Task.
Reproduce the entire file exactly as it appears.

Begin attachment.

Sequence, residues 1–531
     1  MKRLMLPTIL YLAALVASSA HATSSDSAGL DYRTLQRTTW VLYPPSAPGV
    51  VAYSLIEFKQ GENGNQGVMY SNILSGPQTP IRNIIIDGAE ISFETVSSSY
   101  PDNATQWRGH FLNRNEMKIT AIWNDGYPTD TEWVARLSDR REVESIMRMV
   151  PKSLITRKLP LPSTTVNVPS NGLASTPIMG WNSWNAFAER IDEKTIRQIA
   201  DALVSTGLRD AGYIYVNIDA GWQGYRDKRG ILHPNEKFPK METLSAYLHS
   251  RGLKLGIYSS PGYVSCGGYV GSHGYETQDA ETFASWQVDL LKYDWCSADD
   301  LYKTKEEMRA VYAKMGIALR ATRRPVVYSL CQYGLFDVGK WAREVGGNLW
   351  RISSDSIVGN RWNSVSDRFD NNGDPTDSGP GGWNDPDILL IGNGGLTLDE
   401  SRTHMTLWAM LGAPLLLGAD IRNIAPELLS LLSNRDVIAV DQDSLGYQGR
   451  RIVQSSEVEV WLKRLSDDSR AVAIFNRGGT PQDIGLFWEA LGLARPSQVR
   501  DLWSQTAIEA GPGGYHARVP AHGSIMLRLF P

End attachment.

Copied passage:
Sequence, residues 1–531
     1  MKRLMLPTIL YLAALVASSA HATSSDSAGL DYRTLQRTTW VLYPPSAPGV
    51  VAYSLIEFKQ GENGNQGVMY SNILSGPQTP IRNIIIDGAE ISFETVSSSY
   101  PDNATQWRGH FLNRNEMKIT AIWNDGYPTD TEWVARLSDR REVESIMRMV
   151  PKSLITRKLP LPSTTVNVPS NGLASTPIMG WNSWNAFAER IDEKTIRQIA
   201  DALVSTGLRD AGYIYVNIDA GWQGYRDKRG ILHPNEKFPK METLSAYLHS
   251  RGLKLGIYSS PGYVSCGGYV GSHGYETQDA ETFASWQVDL LKYDWCSADD
   301  LYKTKEEMRA VYAKMGIALR ATRRPVVYSL CQYGLFDVGK WAREVGGNLW
   351  RISSDSIVGN RWNSVSDRFD NNGDPTDSGP GGWNDPDILL IGNGGLTLDE
   401  SRTHMTLWAM LGAPLLLGAD IRNIAPELLS LLSNRDVIAV DQDSLGYQGR
   451  RIVQSSEVEV WLKRLSDDSR AVAIFNRGGT PQDIGLFWEA LGLARPSQVR
   501  DLWSQTAIEA GPGGYHARVP AHGSIMLRLF P